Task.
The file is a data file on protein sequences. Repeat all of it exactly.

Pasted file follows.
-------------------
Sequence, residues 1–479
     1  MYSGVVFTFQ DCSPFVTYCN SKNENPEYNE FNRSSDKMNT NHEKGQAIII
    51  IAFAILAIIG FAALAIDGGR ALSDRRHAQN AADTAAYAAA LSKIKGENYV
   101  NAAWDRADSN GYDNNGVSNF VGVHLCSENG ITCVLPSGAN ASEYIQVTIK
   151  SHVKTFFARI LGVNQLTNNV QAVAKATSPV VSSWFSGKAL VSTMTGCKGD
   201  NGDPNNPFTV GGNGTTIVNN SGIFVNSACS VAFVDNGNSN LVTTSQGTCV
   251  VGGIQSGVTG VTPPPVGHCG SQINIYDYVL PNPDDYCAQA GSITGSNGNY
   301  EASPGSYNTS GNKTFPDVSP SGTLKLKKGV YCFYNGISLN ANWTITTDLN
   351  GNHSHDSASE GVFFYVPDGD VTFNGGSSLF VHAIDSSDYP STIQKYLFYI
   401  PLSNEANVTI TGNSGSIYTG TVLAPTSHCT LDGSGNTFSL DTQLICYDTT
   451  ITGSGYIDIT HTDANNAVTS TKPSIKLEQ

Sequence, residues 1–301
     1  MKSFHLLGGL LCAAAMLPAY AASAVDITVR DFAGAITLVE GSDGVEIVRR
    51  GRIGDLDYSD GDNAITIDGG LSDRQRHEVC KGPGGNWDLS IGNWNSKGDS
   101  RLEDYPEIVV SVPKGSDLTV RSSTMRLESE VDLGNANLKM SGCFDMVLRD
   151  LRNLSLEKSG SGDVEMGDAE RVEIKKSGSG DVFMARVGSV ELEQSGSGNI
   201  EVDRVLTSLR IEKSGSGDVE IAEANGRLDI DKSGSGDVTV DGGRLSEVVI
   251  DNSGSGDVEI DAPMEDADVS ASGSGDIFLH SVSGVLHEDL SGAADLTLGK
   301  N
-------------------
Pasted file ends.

Sequence, residues 1–479
     1  MYSGVVFTFQ DCSPFVTYCN SKNENPEYNE FNRSSDKMNT NHEKGQAIII
    51  IAFAILAIIG FAALAIDGGR ALSDRRHAQN AADTAAYAAA LSKIKGENYV
   101  NAAWDRADSN GYDNNGVSNF VGVHLCSENG ITCVLPSGAN ASEYIQVTIK
   151  SHVKTFFARI LGVNQLTNNV QAVAKATSPV VSSWFSGKAL VSTMTGCKGD
   201  NGDPNNPFTV GGNGTTIVNN SGIFVNSACS VAFVDNGNSN LVTTSQGTCV
   251  VGGIQSGVTG VTPPPVGHCG SQINIYDYVL PNPDDYCAQA GSITGSNGNY
   301  EASPGSYNTS GNKTFPDVSP SGTLKLKKGV YCFYNGISLN ANWTITTDLN
   351  GNHSHDSASE GVFFYVPDGD VTFNGGSSLF VHAIDSSDYP STIQKYLFYI
   401  PLSNEANVTI TGNSGSIYTG TVLAPTSHCT LDGSGNTFSL DTQLICYDTT
   451  ITGSGYIDIT HTDANNAVTS TKPSIKLEQ

Sequence, residues 1–301
     1  MKSFHLLGGL LCAAAMLPAY AASAVDITVR DFAGAITLVE GSDGVEIVRR
    51  GRIGDLDYSD GDNAITIDGG LSDRQRHEVC KGPGGNWDLS IGNWNSKGDS
   101  RLEDYPEIVV SVPKGSDLTV RSSTMRLESE VDLGNANLKM SGCFDMVLRD
   151  LRNLSLEKSG SGDVEMGDAE RVEIKKSGSG DVFMARVGSV ELEQSGSGNI
   201  EVDRVLTSLR IEKSGSGDVE IAEANGRLDI DKSGSGDVTV DGGRLSEVVI
   251  DNSGSGDVEI DAPMEDADVS ASGSGDIFLH SVSGVLHEDL SGAADLTLGK
   301  N